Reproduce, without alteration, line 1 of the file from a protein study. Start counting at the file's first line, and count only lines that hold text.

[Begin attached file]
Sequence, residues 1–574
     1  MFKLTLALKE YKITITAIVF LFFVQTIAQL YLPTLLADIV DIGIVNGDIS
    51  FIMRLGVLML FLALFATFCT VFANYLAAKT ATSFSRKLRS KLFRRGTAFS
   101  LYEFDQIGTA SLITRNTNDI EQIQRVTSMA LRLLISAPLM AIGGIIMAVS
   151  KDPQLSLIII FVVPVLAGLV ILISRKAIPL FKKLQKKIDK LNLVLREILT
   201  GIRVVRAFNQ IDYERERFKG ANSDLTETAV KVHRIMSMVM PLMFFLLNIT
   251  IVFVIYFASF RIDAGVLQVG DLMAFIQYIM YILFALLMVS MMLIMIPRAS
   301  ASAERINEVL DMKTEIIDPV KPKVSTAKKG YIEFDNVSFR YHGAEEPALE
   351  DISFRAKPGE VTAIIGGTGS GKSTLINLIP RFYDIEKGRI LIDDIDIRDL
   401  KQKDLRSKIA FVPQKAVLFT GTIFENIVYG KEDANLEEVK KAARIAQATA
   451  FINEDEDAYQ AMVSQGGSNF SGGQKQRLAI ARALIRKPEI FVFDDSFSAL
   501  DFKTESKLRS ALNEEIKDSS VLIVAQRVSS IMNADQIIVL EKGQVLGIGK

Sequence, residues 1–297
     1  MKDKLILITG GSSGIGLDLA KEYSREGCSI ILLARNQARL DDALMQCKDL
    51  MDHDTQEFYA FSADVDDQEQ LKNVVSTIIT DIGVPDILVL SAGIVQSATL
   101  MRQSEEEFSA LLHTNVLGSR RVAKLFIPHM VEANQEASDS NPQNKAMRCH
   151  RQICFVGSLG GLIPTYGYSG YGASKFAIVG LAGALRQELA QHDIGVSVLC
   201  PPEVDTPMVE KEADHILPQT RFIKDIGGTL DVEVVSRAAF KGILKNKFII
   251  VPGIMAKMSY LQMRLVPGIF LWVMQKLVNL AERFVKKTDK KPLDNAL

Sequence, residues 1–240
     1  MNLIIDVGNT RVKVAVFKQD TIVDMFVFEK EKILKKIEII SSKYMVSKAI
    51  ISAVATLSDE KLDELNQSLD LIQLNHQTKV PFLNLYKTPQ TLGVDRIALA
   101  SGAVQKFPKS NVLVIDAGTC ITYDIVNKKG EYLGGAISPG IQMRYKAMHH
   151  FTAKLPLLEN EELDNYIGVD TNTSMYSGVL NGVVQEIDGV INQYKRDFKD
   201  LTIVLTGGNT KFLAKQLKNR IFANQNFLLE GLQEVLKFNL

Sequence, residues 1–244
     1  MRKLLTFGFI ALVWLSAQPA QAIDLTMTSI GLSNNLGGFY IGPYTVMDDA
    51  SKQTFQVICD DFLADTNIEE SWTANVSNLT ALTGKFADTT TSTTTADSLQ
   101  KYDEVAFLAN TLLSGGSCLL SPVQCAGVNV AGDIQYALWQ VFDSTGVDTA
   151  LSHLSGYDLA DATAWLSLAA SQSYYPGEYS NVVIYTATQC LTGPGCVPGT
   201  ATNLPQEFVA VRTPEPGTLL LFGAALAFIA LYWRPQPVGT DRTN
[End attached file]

Sequence, residues 1–574